An ivermectin bottle next to a positive blood sample of COVID-19. (Novikov Aleksey/Shutterstock)
The U.S. Food and Drug Administration (FDA) on Aug. 17 clarified that it had not authorized or approved the use of ivermectin in preventing or treating COVID-19.
Ivermectin is an FDA-approved antiparasitic drug that is used to treat neglected tropical diseases, including parasitic worm infections (helminthiases), onchocerciasis (or river blindness), and scabies.
The FDA stated that while it had approved ivermectin for certain uses in humans and animals, it had not issued any statement affirming the safety or effectiveness of the drug for treating COVID-19.
"We've seen lots of chatter about ivermectin in the last week. Some of what you're seeing in videos and social media posts isn't true," the FDA stated on X, formerly known as Twitter.
Doctors in the United States, though, are able to and regularly prescribe approved drugs for purposes for which they are not approved.
"Health care professionals generally may choose to prescribe an approved human drug for an unapproved use when they judge that the unapproved use is medically appropriate for an individual patient," the FDA said.
The agency was responding after some people, including Sen. Ron Johnson's (R-Wis.), claimed that the FDA has "quietly approved" the use of ivermectin for COVID-19.
“The doctors I’ve been dealing with and talking to for years now, they believe that probably hundreds of thousands of Americans lost their lives because they were denied early treatment and they were denied because the FDA sabotaged, for example, ivermectin,” Mr. Johnson told FOX News on Aug. 11.
"We are going down a very dangerous path, but it's a path that is being laid out and planned by an elite group of people that want to take total control over our lives, and that's what they're doing bit by bit," he added.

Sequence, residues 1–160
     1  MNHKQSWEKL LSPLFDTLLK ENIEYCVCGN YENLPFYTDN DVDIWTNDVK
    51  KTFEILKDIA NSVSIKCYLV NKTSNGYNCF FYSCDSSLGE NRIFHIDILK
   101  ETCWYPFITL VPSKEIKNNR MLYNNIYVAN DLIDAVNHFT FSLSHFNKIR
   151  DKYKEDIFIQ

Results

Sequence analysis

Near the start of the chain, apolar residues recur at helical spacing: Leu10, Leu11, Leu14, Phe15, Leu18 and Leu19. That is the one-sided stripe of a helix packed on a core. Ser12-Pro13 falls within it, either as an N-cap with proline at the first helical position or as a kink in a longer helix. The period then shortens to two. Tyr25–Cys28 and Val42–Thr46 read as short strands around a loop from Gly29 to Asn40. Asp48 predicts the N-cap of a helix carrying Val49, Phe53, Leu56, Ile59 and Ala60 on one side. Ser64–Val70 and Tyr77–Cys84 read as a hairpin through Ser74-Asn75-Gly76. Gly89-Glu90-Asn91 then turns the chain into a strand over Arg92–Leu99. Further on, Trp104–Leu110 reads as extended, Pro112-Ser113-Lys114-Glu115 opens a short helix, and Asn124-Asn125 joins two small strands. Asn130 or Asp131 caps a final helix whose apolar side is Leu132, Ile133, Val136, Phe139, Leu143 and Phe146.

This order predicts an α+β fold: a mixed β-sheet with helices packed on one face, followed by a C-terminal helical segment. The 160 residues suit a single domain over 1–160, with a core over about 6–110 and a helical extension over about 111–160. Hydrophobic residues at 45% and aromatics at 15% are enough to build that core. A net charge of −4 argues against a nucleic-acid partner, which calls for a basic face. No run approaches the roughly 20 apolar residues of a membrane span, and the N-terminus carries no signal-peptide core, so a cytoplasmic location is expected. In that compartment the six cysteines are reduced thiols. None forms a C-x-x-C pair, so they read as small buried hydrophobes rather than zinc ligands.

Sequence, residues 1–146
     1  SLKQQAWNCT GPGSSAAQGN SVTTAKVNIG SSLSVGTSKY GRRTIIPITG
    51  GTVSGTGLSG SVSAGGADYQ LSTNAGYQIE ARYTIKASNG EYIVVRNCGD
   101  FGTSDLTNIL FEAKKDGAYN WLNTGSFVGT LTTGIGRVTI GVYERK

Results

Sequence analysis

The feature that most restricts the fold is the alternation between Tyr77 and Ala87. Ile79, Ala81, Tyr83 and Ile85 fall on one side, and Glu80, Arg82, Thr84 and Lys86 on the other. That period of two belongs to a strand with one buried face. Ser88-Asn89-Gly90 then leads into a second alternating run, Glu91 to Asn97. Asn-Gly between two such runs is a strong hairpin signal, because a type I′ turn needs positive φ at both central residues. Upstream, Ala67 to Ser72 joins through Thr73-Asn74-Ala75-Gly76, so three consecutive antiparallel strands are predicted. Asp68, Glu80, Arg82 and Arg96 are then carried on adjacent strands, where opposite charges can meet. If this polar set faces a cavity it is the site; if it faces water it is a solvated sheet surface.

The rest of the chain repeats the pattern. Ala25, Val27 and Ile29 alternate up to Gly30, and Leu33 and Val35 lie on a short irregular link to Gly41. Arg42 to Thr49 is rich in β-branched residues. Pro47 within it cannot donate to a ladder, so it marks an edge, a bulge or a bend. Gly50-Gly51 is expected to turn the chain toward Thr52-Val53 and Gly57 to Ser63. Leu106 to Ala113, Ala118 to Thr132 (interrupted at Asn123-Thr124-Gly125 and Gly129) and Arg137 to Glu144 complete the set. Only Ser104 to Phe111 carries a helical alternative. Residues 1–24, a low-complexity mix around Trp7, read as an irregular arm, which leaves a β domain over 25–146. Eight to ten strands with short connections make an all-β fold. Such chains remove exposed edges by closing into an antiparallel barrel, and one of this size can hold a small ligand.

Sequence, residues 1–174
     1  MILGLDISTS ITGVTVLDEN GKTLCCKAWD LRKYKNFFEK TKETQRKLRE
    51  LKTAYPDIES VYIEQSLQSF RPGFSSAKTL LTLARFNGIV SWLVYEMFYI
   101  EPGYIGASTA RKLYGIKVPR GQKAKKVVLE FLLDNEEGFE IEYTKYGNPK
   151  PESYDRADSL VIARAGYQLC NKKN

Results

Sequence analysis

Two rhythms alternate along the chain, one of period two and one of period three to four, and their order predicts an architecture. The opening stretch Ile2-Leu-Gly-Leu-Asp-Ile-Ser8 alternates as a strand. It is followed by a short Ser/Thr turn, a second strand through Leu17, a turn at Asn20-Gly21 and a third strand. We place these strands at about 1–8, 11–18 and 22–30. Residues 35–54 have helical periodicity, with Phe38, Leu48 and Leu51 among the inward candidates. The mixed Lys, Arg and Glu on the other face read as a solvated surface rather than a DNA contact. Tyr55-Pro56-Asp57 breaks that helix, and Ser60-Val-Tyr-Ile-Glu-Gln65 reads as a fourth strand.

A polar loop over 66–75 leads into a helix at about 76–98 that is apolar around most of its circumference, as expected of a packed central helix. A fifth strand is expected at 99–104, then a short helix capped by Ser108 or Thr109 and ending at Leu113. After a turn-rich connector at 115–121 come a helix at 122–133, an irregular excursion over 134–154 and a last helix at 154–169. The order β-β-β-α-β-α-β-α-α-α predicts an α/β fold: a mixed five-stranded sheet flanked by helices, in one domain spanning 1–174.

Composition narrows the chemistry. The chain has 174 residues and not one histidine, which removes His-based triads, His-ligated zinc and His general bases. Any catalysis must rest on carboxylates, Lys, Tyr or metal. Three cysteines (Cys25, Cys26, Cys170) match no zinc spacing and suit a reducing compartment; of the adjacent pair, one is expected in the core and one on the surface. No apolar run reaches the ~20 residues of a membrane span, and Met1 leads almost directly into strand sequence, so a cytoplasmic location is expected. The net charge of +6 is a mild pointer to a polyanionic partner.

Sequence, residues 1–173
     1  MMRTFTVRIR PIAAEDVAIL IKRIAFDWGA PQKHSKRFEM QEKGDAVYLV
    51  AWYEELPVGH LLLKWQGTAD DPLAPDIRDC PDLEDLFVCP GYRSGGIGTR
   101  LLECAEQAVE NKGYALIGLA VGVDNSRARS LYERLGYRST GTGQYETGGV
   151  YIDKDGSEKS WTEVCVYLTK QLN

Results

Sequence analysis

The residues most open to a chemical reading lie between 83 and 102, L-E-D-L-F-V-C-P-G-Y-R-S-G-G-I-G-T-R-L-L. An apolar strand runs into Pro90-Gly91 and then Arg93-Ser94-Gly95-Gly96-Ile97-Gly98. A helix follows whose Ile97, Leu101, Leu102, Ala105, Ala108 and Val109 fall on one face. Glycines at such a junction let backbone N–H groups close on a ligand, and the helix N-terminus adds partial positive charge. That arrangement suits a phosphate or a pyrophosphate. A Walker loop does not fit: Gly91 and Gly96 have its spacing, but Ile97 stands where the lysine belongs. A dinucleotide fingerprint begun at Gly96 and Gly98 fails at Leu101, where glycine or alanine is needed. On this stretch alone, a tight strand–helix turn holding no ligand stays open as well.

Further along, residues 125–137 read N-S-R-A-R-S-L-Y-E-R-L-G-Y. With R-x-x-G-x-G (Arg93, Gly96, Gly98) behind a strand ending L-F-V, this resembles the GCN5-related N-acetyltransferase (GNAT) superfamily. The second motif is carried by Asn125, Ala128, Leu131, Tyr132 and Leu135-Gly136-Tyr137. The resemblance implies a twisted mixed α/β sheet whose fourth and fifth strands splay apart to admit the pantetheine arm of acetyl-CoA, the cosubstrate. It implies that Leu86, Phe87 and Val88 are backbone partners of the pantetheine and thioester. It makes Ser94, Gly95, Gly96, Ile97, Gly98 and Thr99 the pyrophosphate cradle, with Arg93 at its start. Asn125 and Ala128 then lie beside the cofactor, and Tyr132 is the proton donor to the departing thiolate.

Ashley Cheung Honold, a Department of Justice lawyer representing the FDA, had said during recent oral arguments in a legal case that the FDA "explicitly recognizes that doctors do have the authority to prescribe ivermectin to treat COVID."
The government was defending the FDA's repeated exhortations to people to not take ivermectin for COVID-19, including a post that said "Stop it."
Ms. Honold said the FDA's statements "don't prohibit doctors from prescribing ivermectin to treat COVID or for any other purpose." She said the agency advised people to consult their health care providers and that they could take medicine if the provider prescribed it.
"FDA is clearly acknowledging that doctors have the authority to prescribe human ivermectin to treat COVID. So they are not interfering with the authority of doctors to prescribe drugs or to practice medicine," she said.
Study On Ivermectin's Effectiveness
According to a new peer-reviewed ecological study, a natural experiment occurred when the government of Peru authorized ivermectin for use during the COVID-19 pandemic resulting in evidence of the drug’s effectiveness and ability to reduce excess deaths.
The paper’s results, published Aug. 8 in Cureus, found a 74 percent reduction in excess deaths in 10 states with the most intensive ivermectin use over a 30-day period following peak deaths during the pandemic.
When analyzing data across 25 states in Peru, researchers found these reductions in excess deaths correlated closely to ivermectin use during four months in 2020.
When ivermectin was available without restriction, there was a fourteenfold reduction in nationwide excess deaths. Once access to ivermectin was restricted by the government, a thirteenfold increase in excess deaths was observed in the two months following the limitation of its use. The findings align with summary data from the World Health Organization for the same time period in Peru.